The U.S. welcomed me and so many other Cubans. We didn’t just survive — we thrived | Opinion

On April 14, 60 years ago, I arrived in the United States of America, or “el Norte,” as most of us Cubans called it. Shy, introspective and curious at age 10, I stepped off a plane at John F. Kennedy Airport in Queens, New York.

Six months earlier, we had fled our homeland, escaping Castro’s authoritarian government to join hundreds of fellow refugees in Madrid. But now, on a crisp spring evening, we joined my maternal grandparents, aunt, uncle and cousins in New York City. El Norte. My North Star.

My first view of the city: grimy fire escapes lining dark brick buildings. Ugly and dirty.

Soon after, I was warmly ushered into a cozy apartment on 86th Street near Broadway which, although small, would become home.

I felt safe, an alien feeling after my previous years on the island. My last memories of Cuba were marked by fear. Since my maternal grandfather, Manuel Hortelano Entenza, had worked as an officer in the Cuban navy under President Fulgencio Batista’s government, he was imprisoned and questioned at the notorious La Cabaña prison.

Once he was released and left the country, we became the pariahs of the neighborhood. We applied to leave Cuba, and were labeled gusanos, or worms. Walking to the grocery store became a dreaded chore for me. Neighbors would point my way and whisper that dreaded word: “Gusanos.”

My parents lost many friends who became “Fidelistas.” I was pulled out of school for fear that I would be indoctrinated. Every night I prayed that we could leave before anyone else in the family was imprisoned or worse.

Arriving at “los Estados Unidos” meant safety and freedom — even as I struggled to learn a language so different from my native one. Even as I watched my parents, both professionals, labor in manual jobs as landscapers and factory workers. Even as I faced a new form of ostracism by U.S.-born classmates in Union City, New Jersey, who would taunt me: Where is Cuba anyway? Did you have bathrooms in Cuba?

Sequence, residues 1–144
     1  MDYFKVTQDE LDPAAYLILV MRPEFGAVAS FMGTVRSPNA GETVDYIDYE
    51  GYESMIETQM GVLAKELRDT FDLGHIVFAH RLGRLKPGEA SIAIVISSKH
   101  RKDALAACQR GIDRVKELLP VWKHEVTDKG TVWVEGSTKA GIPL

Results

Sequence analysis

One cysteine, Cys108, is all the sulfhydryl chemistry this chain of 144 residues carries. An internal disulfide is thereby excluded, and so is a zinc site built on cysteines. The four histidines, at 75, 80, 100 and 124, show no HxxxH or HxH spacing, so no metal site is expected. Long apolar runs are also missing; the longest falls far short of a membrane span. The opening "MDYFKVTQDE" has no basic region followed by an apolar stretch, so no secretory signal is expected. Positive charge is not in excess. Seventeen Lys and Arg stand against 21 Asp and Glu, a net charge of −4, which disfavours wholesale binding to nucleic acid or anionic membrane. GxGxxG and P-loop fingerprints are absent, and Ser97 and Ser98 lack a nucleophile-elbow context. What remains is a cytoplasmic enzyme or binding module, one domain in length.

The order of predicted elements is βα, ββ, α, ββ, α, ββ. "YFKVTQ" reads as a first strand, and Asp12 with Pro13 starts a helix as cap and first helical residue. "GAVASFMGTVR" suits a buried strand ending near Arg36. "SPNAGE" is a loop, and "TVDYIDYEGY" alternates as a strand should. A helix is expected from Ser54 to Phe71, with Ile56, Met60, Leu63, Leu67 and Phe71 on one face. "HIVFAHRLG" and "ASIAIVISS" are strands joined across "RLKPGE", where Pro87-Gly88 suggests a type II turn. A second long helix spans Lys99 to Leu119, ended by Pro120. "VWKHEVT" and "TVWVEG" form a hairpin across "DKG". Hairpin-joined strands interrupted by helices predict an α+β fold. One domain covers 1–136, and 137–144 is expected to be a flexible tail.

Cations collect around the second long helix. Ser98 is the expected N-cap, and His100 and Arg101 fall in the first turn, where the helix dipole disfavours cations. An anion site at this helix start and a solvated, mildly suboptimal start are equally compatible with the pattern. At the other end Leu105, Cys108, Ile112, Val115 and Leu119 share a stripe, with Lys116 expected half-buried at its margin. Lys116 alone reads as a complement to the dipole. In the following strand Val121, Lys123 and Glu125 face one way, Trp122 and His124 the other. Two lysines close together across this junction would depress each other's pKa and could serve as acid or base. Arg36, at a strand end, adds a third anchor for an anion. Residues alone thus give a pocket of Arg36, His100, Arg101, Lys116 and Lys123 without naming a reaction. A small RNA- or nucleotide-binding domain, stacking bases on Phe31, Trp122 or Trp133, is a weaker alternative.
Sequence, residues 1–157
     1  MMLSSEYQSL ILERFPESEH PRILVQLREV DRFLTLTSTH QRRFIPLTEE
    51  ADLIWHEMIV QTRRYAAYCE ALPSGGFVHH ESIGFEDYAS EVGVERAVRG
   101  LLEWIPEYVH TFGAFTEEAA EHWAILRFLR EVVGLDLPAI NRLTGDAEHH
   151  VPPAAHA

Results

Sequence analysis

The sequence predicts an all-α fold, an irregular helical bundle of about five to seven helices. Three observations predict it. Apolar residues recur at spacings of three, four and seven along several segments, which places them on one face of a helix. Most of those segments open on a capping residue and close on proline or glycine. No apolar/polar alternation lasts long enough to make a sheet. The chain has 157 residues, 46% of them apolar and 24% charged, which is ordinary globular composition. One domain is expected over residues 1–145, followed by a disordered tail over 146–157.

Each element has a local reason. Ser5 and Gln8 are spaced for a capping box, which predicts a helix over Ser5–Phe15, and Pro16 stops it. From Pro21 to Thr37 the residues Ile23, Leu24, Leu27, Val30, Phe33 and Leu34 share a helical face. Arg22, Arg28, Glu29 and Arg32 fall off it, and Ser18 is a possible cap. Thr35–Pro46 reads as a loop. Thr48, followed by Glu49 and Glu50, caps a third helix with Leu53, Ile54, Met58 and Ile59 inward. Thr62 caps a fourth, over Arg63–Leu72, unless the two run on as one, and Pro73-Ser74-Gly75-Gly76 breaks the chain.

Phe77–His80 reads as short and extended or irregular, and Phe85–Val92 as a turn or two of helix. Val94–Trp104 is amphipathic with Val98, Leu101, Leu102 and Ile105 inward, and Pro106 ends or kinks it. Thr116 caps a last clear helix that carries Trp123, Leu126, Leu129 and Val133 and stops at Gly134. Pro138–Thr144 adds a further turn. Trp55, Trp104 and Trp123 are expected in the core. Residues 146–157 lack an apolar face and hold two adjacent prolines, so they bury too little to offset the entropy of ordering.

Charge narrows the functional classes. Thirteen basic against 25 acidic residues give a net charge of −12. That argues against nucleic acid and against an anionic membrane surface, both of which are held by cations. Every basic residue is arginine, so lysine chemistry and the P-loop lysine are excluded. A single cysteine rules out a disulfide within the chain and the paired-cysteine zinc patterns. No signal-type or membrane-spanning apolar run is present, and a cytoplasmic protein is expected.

That kind of treatment only strengthened my resolve. I mastered English and developed such a passion for its intricacies that my father started calling me Shakespeare. If my parents had made great sacrifices to take us out of a communist state, I felt I could not fail.

The U.S. gave me the chance to study at an Ivy League school. I opted to study journalism, because what could be nobler than seeking the truth?

My new country has afforded me a future that my island nation denied me. I felt pride and hope when I raised my hand in a Jersey City courtroom in 1977 and pledged to be a citizen of this magnanimous nation.

In 1980, I watched as more than 120,000 fellow Cubans abandoned the island through a port called Mariel. The tyranny was expelling its undesirables once again. In that exodus, for the first time, I saw Black Cubans, gays and many artists among the refugees. Castro’s revolution seemed to be unraveling and I wanted to learn from these new arrivals.

I was lucky enough to be hired as a cub reporter for the Miami Herald and got to spend many hours with young artists, veteran journalists, political prisoners. I learned much more about my tortured island. And I developed a pride in how Cubans had survived such oppression. Not just survived — we had thrived. In the process we had contributed to the burgeoning success of Miami, this splendid city by the bay that continues to be a beacon of hope for so many.

As I look back on my 60 years in “el Norte,” I feel eternally grateful that this great nation opened its arms to us. Troubled and divided as we may be, it is still a great privilege to be a U.S. citizen, a privilege that I will never take for granted.

Barbara Gutierrez is director of communications and public relations at the University of Miami. She worked at the Miami Herald for 17 years in positions including reporter, city desk editor and executive editor of El Nuevo Herald.